Philosopher Roger Scruton drives this point home when he says, “A writer who says that there are no truths, or that all truth is ‘merely negative,’ is asking you not to believe him. So don’t.”
Manuel Velasquez, Philosophy: A Text with Readings (Belmont, CA: Wadsworth, 2001), p. 51.
 Ted Honderich, ed., The Oxford Companion to Philosophy (New York, NY: Oxford Univ Press, 1995), p. 625.
Tom Morris, Philosophy for Dummies, 46.
 Norman L. Geisler and Frank Turek, I Don’t Have Enough Faith to Be an Atheist (Wheaton, IL: Crossway Books, 2004), 40.
Religious Pluralism – “the belief that every religion is true. Each religion provides a genuine encounter with the Ultimate.” Norman L. Geisler, Baker Encyclopedia of Apologetics (Grand Rapids, MI: Baker Books, 1999), 598.
Roy A. Clouser, The Myth of Religious Neutrality: An Essay on the Hidden Role of Religious Belief in Theories (Notre Dame, IN: Notre Dame Press, 2005), 178 (emphasis added).
 A small snippet for clarity’s sake:
Fromm’s position is also an example of this same dogmatic selectivity. He presents his view as though there are reasons for rejecting the law of non-contradiction, and then argues that his view of the divine (he calls it “ultimate reality”) logically follows from that rejection. He ignores the fact that to make any logical inference — to see that one belief “logically follows from” another — means that the belief which is said to “follow” is required on pain of contradicting oneself. Having denied all basis for any inference, Fromm nevertheless proceeds to infer that reality itself must be an all-encompassing mystical unity which harmonizes all the contradictions which logical thought takes to be real. He then further infers that since human thought cannot help but be contradictory, ultimate reality cannot be known by thought. He gives a summary of the Hindu, Buddhist, and Taoist expressions of this same view, and again infers that accepting their view of the divine requires him to reject the biblical idea of God as a knowable, individual, personal Creator. He then offers still another logical inference when he insists that:
Opposition is a category of man’s mind, not itself an element of reality…. Inasmuch as God represents the ultimate reality, and inasmuch as the human mind perceives reality in contradictions, no positive statement can be made about God.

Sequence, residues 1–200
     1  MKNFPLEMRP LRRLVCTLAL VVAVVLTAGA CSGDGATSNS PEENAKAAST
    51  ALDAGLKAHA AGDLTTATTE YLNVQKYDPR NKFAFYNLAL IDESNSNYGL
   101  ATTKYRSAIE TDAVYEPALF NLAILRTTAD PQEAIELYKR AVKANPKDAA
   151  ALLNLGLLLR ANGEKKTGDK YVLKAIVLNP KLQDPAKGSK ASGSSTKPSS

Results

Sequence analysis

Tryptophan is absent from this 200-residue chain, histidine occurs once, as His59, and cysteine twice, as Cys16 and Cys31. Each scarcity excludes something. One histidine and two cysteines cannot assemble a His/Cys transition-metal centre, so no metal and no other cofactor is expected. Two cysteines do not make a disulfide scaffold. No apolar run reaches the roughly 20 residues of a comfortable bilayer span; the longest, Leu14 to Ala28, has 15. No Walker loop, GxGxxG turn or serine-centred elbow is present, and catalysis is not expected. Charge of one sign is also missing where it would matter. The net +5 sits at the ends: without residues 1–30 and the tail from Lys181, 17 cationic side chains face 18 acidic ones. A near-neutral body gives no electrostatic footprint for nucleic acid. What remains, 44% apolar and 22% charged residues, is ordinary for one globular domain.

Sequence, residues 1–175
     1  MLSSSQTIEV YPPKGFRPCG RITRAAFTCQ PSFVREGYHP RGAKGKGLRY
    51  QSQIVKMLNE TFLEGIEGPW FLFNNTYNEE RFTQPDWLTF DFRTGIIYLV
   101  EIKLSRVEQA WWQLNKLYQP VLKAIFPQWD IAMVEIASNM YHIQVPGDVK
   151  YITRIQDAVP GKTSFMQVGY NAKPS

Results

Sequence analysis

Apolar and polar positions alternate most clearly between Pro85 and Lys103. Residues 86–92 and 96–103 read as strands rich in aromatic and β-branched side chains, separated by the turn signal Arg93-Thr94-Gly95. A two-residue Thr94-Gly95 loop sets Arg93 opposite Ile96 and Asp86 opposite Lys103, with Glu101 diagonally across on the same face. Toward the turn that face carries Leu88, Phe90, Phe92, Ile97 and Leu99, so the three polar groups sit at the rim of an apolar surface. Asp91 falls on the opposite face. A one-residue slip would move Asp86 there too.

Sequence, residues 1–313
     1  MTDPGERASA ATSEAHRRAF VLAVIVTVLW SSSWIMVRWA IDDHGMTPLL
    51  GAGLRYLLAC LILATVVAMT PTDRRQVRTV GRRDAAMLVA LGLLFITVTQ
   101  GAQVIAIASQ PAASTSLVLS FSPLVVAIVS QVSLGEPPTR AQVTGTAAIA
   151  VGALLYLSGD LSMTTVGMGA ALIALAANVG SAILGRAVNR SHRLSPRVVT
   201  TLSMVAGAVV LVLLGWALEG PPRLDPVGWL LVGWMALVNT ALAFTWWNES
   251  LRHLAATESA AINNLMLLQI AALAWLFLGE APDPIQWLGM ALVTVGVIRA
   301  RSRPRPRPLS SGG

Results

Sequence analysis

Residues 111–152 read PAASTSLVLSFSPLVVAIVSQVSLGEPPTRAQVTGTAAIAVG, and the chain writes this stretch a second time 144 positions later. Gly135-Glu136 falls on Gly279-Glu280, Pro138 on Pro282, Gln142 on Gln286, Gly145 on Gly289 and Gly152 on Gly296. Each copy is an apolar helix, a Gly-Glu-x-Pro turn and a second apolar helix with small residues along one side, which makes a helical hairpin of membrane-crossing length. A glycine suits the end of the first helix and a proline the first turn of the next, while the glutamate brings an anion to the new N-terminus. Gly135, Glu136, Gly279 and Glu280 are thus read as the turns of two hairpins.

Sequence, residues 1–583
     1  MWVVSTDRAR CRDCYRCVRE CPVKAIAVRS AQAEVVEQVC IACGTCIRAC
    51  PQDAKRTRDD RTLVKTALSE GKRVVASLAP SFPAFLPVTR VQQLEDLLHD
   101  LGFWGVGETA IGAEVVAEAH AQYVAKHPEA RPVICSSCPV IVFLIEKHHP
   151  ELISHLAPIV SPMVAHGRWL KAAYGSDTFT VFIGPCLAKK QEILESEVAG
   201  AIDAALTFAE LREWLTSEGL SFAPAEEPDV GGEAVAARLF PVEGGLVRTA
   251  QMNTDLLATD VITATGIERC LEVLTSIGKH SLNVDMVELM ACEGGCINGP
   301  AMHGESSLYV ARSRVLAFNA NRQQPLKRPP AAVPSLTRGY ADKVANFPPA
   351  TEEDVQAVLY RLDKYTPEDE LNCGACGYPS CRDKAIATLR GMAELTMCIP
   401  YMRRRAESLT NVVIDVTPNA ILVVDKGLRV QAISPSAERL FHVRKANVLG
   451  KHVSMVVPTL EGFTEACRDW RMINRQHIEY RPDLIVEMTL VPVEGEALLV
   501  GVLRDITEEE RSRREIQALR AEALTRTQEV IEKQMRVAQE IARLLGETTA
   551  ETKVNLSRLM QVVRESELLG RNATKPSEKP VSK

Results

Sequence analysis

In this way Fromm ends by adding self-referential incoherency to the contradictions and self-assumptive incoherency already asserted by his theory. For he makes the positive statement about God that no positive statements about God are possible.
Ibid., 178-179. In this excellent work Dr. Clouser shows elsewhere the impact of logic on some major positions of thought:
As an example of the strong sense of this incoherency, take the claim sometimes made by Taoists that “Nothing can be said of the Tao.” Taken without qualification (which is not the way it is intended), this is self-referentially incoherent since to say “Nothing can be said of the Tao” is to say something of the Tao. Thus, when taken in reference to itself, the statement cancels its own truth. As an example of the weak version of self-referential incoherency, take the claim once made by Freud that every belief is a product of the believer’s unconscious emotional needs. If this claim were true, it would have to be true of itself since it is a belief of Freud’s. It therefore requires itself to be nothing more than the product of Freud’s unconscious emotional needs. This would not necessarily make the claim false, but it would mean that even if it were true neither Freud nor anyone else could ever know that it is. The most it would allow anyone to say is that he or she couldn’t help but believe it. The next criterion says that a theory must not be incompatible with any belief we have to assume for the theory to be true. I will call a theory that violates this rule “self-assumptively incoherent.” As an example of this incoherence, consider the claim made by some philosophers that all things are exclusively physical [atheistic-naturalism]. This has been explained by its advocates to mean that nothing has any property or is governed by any law that is not a physical property or a physical law. But the very sentence expressing this claim, the sentence “All things are exclusively physical,” must be assumed to possess a linguistic meaning. This is not a physical property, but unless the sentence had it, it would not be a sentence; it would be nothing but physical sounds or marks that would not) linguistically signify any meaning whatever and thus could not express any claim — just as a group of pebbles, or clouds, or leaves, fails to signify any meaning or express any claim. Moreover, to assert this exclusivist materialism is the same as claiming it is true, which is another nonphysical property; and the claim that it is true further assumes that its denial would have to be false, which is a relation guaranteed by logical, not physical, laws. (Indeed, any theory which denies the existence of logical laws is instantly and irredeemably self-assumptively incoherent since that very denial is proposed as true in a way that logically excludes its being false.) What this shows is that the claim “All things are exclusively physical” must itself be assumed to have nonphysical properties and be governed by nonphysical laws or it could neither be understood nor be true. Thus, no matter how clever the supporting arguments for this claim may seem, the claim itself is incompatible with assumptions that are required for it to be true. It is therefore self-assumptively incoherent in the strong sense.
Ibid., 84-85 (emphasis added).